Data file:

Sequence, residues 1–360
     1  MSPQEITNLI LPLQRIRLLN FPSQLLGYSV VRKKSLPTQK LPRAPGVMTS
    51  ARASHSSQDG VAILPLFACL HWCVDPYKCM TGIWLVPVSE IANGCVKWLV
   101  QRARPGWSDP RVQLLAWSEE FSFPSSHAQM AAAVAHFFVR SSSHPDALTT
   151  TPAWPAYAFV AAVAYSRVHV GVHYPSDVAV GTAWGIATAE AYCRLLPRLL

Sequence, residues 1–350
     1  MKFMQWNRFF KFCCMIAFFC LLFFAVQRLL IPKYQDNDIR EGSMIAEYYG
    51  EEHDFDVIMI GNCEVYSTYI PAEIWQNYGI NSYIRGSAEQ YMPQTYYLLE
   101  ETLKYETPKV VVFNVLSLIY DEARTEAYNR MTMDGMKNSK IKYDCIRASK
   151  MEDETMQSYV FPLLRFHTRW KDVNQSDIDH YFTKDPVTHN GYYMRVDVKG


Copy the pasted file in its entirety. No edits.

Sequence, residues 1–360
     1  MSPQEITNLI LPLQRIRLLN FPSQLLGYSV VRKKSLPTQK LPRAPGVMTS
    51  ARASHSSQDG VAILPLFACL HWCVDPYKCM TGIWLVPVSE IANGCVKWLV
   101  QRARPGWSDP RVQLLAWSEE FSFPSSHAQM AAAVAHFFVR SSSHPDALTT
   151  TPAWPAYAFV AAVAYSRVHV GVHYPSDVAV GTAWGIATAE AYCRLLPRLL

Sequence, residues 1–350
     1  MKFMQWNRFF KFCCMIAFFC LLFFAVQRLL IPKYQDNDIR EGSMIAEYYG
    51  EEHDFDVIMI GNCEVYSTYI PAEIWQNYGI NSYIRGSAEQ YMPQTYYLLE
   101  ETLKYETPKV VVFNVLSLIY DEARTEAYNR MTMDGMKNSK IKYDCIRASK
   151  MEDETMQSYV FPLLRFHTRW KDVNQSDIDH YFTKDPVTHN GYYMRVDVKG